McTaggart and I answered approximately 25 questions during the 45-minute chat. A wide variety of topics were addressed, including rumors surrounding a couple of the more popular players. The recent Roy-Oswalt-to-White-Sox speculation was front and center, and Brian and I did our best to address, and squelch, any notion that the two teams were in talks regarding the star right-hander.
General manager Ed Wade has a policy to never discuss trade rumors with media, either to conform or deny. It’s a sound practice, considering discussing players under contract with other teams is against Major League Baseball rules. But Wade, as well as White Sox GM Kenny Williams, set aside this policy because they felt this was a special case. Both sides confirmed there have been no talks at all, about any players, including Oswalt.
The reports began to surface after a high-level White Sox executive was spotted at several Astros games during Houston’s recent road swing through Pittsburgh and Cincinnati, and the assumption, seemingly unconfirmed, was that the executive was scouting Oswalt.
Perhaps the White Sox/Jake Peavy trade that was apparently completed and then called off fueled the rumors that they were now targeting another front-line starter. That part I don’t know. I do know that every team has advance scouts in every ballpark this time of year. It’s standard practice.
The story gained more steam when Oswalt was quoted as saying he would invoke his no-trade rights if the Astros and White Sox did complete a deal.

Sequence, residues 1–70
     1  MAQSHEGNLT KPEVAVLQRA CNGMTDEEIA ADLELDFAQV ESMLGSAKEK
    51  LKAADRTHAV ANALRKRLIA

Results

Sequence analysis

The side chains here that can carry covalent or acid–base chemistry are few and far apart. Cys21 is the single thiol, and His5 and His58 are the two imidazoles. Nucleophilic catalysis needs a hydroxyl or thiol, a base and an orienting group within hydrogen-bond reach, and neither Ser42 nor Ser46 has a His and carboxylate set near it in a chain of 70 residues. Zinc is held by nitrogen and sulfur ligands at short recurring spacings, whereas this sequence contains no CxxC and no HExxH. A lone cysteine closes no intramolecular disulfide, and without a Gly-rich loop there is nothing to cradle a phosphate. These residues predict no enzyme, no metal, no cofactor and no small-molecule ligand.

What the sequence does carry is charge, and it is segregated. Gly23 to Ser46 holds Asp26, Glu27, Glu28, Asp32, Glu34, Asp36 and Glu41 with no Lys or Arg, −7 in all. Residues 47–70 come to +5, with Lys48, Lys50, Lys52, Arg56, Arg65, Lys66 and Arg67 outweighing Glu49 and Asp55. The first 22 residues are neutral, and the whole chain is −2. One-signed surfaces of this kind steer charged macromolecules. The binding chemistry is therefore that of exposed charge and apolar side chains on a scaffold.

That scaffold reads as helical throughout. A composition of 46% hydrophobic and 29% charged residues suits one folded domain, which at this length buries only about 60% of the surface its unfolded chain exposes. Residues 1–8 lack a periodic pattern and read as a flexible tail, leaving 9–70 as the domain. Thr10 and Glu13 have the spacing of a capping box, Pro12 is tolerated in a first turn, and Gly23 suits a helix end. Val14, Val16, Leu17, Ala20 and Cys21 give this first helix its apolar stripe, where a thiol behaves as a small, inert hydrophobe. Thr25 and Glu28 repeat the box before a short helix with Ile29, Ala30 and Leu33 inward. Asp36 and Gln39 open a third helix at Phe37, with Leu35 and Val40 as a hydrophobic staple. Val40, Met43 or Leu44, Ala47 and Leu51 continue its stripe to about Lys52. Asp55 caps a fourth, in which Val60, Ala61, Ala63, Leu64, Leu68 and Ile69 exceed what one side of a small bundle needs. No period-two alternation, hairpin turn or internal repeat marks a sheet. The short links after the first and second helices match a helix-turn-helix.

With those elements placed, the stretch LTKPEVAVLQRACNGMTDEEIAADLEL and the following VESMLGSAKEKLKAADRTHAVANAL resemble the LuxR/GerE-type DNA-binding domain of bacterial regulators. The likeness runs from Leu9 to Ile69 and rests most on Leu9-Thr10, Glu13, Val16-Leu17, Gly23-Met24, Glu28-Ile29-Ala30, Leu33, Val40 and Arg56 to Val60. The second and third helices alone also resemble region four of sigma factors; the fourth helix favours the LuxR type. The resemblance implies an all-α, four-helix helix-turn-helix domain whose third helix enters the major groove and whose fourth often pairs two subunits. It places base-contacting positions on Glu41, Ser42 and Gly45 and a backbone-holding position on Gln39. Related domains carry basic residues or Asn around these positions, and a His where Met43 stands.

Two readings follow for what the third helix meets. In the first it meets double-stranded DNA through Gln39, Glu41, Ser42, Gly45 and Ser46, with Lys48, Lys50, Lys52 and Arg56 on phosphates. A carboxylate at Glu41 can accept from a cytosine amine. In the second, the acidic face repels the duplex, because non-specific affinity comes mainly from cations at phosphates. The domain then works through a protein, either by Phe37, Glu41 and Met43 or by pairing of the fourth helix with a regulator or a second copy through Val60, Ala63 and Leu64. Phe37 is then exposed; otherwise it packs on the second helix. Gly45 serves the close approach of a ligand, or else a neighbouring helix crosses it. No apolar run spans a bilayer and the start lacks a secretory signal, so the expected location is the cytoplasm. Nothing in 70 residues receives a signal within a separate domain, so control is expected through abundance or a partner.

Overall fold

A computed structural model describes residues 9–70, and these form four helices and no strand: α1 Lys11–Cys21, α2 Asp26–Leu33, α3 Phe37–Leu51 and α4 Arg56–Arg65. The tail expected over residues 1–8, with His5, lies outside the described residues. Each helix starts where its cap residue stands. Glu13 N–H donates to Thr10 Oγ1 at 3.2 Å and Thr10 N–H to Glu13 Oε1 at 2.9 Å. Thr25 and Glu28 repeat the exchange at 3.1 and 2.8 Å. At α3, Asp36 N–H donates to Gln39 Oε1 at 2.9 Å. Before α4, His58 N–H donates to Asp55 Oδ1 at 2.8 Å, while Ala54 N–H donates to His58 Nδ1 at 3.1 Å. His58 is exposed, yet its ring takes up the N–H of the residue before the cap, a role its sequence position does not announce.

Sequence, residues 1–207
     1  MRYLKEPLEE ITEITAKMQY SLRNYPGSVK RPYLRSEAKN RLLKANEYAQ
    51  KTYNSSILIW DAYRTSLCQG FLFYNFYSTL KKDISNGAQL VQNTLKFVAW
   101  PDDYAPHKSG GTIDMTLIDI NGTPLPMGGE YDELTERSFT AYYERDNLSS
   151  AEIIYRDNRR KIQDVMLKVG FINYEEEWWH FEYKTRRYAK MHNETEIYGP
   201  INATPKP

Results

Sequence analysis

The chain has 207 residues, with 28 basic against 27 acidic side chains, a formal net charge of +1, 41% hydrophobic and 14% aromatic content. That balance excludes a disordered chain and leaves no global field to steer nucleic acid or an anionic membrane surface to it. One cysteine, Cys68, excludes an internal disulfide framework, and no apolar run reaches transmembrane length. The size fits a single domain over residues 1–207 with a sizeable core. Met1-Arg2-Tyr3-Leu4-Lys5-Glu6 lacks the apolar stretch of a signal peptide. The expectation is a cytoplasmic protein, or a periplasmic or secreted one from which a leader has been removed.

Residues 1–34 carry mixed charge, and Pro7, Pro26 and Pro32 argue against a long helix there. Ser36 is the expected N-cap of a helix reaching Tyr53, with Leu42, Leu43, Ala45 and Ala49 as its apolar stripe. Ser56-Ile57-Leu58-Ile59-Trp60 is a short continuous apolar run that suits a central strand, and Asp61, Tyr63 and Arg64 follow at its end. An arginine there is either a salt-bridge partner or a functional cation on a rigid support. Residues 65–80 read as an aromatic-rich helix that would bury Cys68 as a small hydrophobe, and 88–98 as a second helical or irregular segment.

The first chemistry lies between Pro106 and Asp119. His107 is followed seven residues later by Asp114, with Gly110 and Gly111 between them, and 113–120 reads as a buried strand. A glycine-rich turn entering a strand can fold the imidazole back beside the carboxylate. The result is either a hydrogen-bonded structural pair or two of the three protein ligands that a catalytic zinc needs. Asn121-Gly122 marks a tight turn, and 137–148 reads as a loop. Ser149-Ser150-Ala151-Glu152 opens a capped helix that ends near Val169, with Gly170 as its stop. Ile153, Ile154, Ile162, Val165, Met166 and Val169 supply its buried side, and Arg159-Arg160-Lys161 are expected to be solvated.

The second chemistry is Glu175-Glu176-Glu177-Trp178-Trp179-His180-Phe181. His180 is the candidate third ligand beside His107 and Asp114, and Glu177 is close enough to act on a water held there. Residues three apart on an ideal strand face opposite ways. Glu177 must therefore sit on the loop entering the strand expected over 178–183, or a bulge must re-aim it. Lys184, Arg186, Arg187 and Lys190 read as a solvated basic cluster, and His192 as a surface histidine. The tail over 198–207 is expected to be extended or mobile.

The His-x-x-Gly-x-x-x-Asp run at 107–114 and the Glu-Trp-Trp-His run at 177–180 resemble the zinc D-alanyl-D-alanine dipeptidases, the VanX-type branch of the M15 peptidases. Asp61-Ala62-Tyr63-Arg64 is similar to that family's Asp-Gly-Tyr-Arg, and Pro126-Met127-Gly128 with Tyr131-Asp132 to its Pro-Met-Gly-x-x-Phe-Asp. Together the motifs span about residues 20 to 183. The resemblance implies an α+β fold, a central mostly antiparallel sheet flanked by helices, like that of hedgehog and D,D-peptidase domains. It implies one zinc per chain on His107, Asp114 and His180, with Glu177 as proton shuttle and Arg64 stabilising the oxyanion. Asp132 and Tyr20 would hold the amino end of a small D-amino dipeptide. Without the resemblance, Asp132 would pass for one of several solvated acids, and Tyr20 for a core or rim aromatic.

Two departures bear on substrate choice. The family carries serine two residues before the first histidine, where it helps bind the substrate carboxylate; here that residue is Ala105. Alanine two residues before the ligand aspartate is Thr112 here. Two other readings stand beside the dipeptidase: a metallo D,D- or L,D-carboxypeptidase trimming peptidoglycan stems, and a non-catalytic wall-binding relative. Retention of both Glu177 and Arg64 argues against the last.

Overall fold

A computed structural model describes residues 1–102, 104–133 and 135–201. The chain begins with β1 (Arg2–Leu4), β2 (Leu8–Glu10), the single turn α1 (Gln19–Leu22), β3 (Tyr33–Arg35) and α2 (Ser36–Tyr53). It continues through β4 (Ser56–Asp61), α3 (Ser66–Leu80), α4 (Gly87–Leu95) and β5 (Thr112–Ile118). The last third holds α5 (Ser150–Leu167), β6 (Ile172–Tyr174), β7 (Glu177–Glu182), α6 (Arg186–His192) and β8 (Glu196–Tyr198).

The Astros made it clear, in no uncertain terms, that they are not talking to the White Sox and they’re not shopping Oswalt. Confirmation from the White Sox side should be enough to put this one to bed.
I’m fairly certain Mark Teixeira’s Yankees aren’t going to be pursuing Lance Berkman anytime soon, either.
Trade rumors are part of baseball, and in general, they’re a part of why this game is fun for the fans. In today’s 24-7 news cycle fueled by the Internet, there is never a shortage of rumors, innuendos and speculation. Most of it is harmless. Every once in a while, however, it can be flat incorrect, and sometimes, cruel.
I read a recent report on SI.com that stated quite bluntly that the problem in Houston was not manager Cecil Cooper, but rather GM Ed Wade, who, according to the report, is meddling and negative and “puts everyone in a defensive mode,” including Cooper.
It goes on to say that Shawn Chacon’s actions last year involving “pushing Wade down last year” were “cheered” by other players. I read that and thought, if this is true, and I missed it, then I really had no business covering the Astros for as long as I did. So I made my way around the clubhouse to poll the players who were on the team last year. I told them about the report and the reaction was unanimously one of surprise.
“If anything, we understand (Wade is) somewhat hamstrung by the payroll,” one player said. “But we’ve always been impressed with the job he’s done, especially after he went out and got Randy Wolf last year when everyone else had counted us out of the race.”
And I can assure you, no one was cheering Chacon when he “pushed Wade down,” wh
ich is sort of like saying Yao Ming is “slightly” taller than Tiny Tim. The act was violent, it was beyond inappropriate, and not a single player was anything but disgusted that it happened.
From the homepage:
Miguel Tejada wants to remain an Astro
Jose Valverde continues to make progress
Surprising news out of Atlanta: Braves release Tom Glavine
And Wade says he’s not interested: